sunflowerfreak Posted 19 Sep 2007 , 10:40pm
post #8 of 31

Katie I would love that recipe. It sounds like something I could use for this shower.

Ceshell I used a serrated knife to cut the cake. Your way sounds like it works. This gluten free cake is going as a top tier on a 4 tier cake. It's got to be as high as the other cakes which will be about 4 inches. The pan size will be a 6 inch. I think I would have to make 3 cakes to make the 4 inches. Maybe I should try making another one and cut it like you did. It does taste delicious that's for sure. I could put the raspberry in and use the ganche too. YUMMY!!

pastryjen Posted 19 Sep 2007 , 10:55pm
post #9 of 31

Bob's red mill.com makes a lot of gluten free products and mixes. I was going to try one out for my friend.

ceshell Posted 19 Sep 2007 , 11:23pm
post #10 of 31

Oh yeah, I used a serrated knife for my test cake and it totally destroyed the cake. The wire trick really works!! Slow and steady but it works.

Although the cake is not very tall (see the round pink gift box cake in my gallery--only the bottom part was this cake), if you torte successfully and use a nice 1/2" layer of whipped ganache, I think you'll get the 4" in only two cakes. Raspberry just makes this cake POP like you wouldn't believe, esp. if you make a fresh coulis.

Thanks for the info on the taste and texture Katie, I am looking forward to seeing the recipe, I may have to try it alongside the other!

Pastryjen, please post if you try any of those! I have also posted in other threads here where others have mentioned Polly's and Cherrybrook Kitchen, and someone who made an entire wedding cake out of a Bob's Mill mix and called it "delicious". Another said that Pamela's mixes were not grainy like scratch recipes can be.

If you go for a scratch "cake-like" cake: If the recipe uses rice flour, I've read that a) soaking the rice flour in the recipe's liquid for 10 minutes before adding it in will help reduce/eliminate the graininess, and b) if you can get your hands on Thai rice flour, it is more finely ground than what you find at the health food stores, and makes all the difference in the world. But do NOT use "sweet" or "glutinous" rice flour -- sticky rice flour will destroy your recipe. Thai rice flour is cheap, but if you don't have an Asian market nearby that carries it, shipping from the internet will kill you.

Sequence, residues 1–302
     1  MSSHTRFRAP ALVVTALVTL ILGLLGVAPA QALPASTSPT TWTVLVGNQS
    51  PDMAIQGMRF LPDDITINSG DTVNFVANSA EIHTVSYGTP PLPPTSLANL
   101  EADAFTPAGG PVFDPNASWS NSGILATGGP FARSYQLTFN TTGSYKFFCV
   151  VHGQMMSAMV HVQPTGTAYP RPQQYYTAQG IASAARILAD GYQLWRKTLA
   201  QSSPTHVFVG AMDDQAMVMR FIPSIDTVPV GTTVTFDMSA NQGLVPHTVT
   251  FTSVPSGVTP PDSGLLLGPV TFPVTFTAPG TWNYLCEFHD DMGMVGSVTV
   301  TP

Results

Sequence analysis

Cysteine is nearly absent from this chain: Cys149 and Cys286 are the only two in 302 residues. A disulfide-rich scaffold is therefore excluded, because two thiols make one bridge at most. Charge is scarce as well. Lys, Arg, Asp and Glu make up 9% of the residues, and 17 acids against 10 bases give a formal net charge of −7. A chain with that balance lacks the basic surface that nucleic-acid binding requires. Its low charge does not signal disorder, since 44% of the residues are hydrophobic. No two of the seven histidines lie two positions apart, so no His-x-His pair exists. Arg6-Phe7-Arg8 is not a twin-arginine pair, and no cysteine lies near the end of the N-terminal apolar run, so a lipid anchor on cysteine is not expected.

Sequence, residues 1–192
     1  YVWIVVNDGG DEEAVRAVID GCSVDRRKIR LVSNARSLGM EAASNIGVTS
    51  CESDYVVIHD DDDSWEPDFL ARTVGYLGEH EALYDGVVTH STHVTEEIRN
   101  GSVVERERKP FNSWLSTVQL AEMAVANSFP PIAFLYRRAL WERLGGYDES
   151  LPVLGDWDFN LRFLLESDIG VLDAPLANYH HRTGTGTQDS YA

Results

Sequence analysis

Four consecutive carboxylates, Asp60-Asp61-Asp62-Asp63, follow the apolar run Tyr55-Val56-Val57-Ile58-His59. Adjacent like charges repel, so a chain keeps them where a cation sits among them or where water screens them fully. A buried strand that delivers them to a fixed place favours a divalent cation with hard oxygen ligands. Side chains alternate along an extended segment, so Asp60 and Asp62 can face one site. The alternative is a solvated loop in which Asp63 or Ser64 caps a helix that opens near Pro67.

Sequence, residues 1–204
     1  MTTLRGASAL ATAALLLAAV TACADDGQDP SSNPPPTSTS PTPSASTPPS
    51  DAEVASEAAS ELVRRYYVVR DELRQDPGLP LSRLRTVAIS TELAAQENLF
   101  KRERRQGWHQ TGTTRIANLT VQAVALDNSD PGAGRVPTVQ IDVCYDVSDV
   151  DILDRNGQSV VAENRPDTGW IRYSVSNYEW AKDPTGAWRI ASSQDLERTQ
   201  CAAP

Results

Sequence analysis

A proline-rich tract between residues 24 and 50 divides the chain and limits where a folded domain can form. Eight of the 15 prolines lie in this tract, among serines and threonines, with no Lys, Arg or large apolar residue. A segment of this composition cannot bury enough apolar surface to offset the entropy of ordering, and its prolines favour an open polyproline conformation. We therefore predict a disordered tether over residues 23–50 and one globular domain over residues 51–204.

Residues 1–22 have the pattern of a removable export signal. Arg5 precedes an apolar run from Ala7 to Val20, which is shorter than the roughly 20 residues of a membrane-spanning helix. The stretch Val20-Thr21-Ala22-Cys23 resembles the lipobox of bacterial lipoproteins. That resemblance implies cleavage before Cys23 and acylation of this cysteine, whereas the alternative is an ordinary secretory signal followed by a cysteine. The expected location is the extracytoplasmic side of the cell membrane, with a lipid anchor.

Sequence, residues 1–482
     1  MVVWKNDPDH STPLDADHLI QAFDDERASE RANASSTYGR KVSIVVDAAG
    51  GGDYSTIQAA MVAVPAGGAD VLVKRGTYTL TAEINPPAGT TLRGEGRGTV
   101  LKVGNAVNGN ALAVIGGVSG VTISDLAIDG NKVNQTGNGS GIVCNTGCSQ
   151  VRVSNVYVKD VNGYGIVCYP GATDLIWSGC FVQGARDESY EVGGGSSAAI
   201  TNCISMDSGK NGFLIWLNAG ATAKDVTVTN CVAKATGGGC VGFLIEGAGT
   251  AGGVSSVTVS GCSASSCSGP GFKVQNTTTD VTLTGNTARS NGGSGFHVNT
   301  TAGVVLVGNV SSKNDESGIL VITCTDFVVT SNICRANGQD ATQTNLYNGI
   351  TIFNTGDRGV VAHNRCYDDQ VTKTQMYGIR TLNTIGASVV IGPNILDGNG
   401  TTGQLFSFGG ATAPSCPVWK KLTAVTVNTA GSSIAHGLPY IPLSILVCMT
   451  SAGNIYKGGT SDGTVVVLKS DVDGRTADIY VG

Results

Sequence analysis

Oh what the heck, here are the threads I was referencing
http://forum.cakecentral.com/cake-decorating-ftopict-448473.html
http://forum.cakecentral.com/cake-decorating-ftopict-392173.html

kathik Posted 20 Sep 2007 , 12:08am
post #11 of 31

Hi Katie. I'd love to see the recipe as well, since I also have some requests for gluten free cakes. Please post it when you have time.

Thanks,
Kathi

ceshell Posted 20 Sep 2007 , 3:55am
post #12 of 31

Thanks, you totally rock! I especially appreciate the first-hand info on the taste. I will be curious to see if the results are as good with the flour mix as written - I already have those ingredients for the other recipe.

I'll post here again next week when I've tried the yellow (or both?) out too icon_smile.gif.

Melvira Posted 20 Sep 2007 , 2:57pm
post #13 of 31

Oh man, Katie! You are a lifesaver! I need to make a GF chocolate cake this weekend and I've been stressing that it's going to be gross! But I know if people here think it's good... it's gonna be good! icon_wink.gif Can't wait to try this!

BakingGirl Posted 20 Sep 2007 , 4:16pm
post #14 of 31

There is a brand of cake mixes for people who cannot have gluten and for other food allergies. I have used the chocolate cake with great success in the past. I was able to fill and torte just as I would a regular cake. I don't know if you can get it in a regular grocery store in the US but you should be able to find it Wild Oats or Whole Foods.